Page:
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Thermal Resistance of Linear thermal bridges.

asked 2018-08-21 04:22:30 -0600

lukanuts's avatar

updated 2018-08-21 07:32:56 -0600

Hi following this discussion

i have decided to create a customized Material with No Mass, in order to input only the R-value of each the opaque areas affected by the thermal bridges. Since the definition of linear thermal bridge is W/mK, but eplus takes into account W/m2K only, in your opinion is correct to convert the psi value in W/mK into a W/m2K by taking into account the dimension of the portion of the affected surfaces ?

to be clear. E.g. psi 0.32 W/mK, width affected 0.7m, equivalent U= 0.32/0.7=0.4571 W/m2k and equivalent R=1/0.4571=2.18 m2K/W

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answered 2018-08-21 15:00:19 -0600

Julien Dutel's avatar

E+ (and most of the other energy simulation programs) cannot calculate a U value, it's need to be manually calculate before passing it to the program.

U value taking account of linear transmittance is a relatively new topic, but the report AHSRAE RP-1365 seems to reach consensus. This study generate a new method which is well resume in "Building Envelope Thermal Bridging Guide". With your calculation you need to introduce the Area of the wall concerned by the linear transmittance. check on the guide p18/37:

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answered 2018-08-22 03:07:42 -0600

lukanuts's avatar

updated 2018-08-22 06:09:17 -0600

Hi Julien, thanks for the suggestions. The only drawback i can see is that i will have an entire E+ construction with no thermal mass. For example: considering an entire facade full of Thermal bridges, in order to have an unique equivalent U value (Clear field transmittance+linear transmittance weighted by the area and point transmittances excluded) the only way to model it is to create a No mass material. Since in malta we used to build heavyweight constructions i cannot totally exclude the effect of thermal mass, and the Iso 13790 for detailed simulations requires it.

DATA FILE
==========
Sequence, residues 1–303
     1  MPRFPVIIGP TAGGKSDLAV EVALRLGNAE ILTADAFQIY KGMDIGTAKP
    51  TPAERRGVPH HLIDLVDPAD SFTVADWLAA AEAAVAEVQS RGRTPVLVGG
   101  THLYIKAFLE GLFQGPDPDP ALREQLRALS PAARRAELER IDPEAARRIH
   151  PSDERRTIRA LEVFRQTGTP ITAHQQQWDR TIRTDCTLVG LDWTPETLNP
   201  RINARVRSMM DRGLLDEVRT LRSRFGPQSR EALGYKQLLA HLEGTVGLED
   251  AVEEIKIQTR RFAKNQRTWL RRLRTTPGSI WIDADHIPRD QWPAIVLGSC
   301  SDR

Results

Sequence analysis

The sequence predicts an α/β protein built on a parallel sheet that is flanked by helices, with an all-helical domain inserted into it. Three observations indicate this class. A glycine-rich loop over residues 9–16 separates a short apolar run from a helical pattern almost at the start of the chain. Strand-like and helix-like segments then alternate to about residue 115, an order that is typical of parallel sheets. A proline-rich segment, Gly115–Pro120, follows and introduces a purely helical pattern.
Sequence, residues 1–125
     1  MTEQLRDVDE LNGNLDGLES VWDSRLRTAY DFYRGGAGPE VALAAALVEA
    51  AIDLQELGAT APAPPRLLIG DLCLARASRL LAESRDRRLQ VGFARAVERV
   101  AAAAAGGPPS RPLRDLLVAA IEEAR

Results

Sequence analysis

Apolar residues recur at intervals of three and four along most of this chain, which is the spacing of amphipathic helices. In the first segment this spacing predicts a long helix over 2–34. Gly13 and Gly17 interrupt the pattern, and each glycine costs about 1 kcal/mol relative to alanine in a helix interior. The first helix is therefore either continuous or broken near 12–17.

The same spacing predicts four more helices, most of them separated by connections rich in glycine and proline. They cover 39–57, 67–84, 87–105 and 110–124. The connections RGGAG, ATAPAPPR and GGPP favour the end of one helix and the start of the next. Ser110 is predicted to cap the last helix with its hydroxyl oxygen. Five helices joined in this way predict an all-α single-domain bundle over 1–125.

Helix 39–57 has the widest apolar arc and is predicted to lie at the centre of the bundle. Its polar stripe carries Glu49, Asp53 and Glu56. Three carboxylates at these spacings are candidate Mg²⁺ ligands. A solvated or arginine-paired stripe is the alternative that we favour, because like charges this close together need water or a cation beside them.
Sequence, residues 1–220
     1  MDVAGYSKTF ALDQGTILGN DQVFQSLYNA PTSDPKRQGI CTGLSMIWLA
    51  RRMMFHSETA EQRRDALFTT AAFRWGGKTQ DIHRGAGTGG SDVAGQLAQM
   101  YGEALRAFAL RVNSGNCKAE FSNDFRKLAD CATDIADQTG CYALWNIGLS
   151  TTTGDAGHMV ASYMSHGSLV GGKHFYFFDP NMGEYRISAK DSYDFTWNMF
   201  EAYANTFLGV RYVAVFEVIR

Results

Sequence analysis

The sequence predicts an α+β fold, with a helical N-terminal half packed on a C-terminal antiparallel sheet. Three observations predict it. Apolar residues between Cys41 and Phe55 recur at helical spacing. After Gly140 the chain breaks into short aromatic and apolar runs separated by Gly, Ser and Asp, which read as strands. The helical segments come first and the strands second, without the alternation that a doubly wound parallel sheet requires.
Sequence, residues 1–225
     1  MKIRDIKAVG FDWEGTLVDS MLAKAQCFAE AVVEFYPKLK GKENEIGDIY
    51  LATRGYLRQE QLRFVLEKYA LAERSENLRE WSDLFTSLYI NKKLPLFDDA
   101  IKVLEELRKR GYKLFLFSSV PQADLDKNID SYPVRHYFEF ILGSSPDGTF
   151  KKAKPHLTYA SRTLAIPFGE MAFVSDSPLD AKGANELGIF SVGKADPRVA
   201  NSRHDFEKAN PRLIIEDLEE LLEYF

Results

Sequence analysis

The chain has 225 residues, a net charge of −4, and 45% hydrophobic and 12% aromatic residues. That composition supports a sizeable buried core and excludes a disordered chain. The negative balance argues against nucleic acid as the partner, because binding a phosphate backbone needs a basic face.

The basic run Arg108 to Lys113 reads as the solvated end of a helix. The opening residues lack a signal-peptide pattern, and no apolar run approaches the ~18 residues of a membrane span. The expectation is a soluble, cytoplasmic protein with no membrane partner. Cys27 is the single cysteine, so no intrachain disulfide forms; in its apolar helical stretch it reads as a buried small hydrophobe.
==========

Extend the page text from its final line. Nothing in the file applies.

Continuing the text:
Is it correct my interpretation of your answer?

EDIT. I have probably found the answer, at pag 30/39 Many modeling programs use construction layers to build up the building envelope assemblies based on material properties. To account for thermal bridging, all the material properties should be left as is, while only the insulating layer R-value should be de-rated such that the correct overall U-value determined from calculation is matched and output by the software. This method allows for the functions that account for thermal mass to be approximated by the software

PS: From EngineeringReference E+ (version 8.7 pag 66)

[..]In some cases, either due to a lack of information or a desire to simplify input, a user may choose to enter a material layer as a “no mass” or “R-Value only” material. This assumption essentially says that these layers add nothing to the thermal mass of the overall construction and only add to the overall resistance or R-Value of the construction as a whole. While this is not recommended, it is allowed and in some cases is not a poor assumption for extremely lightweight materials such as some types of insulation.[..]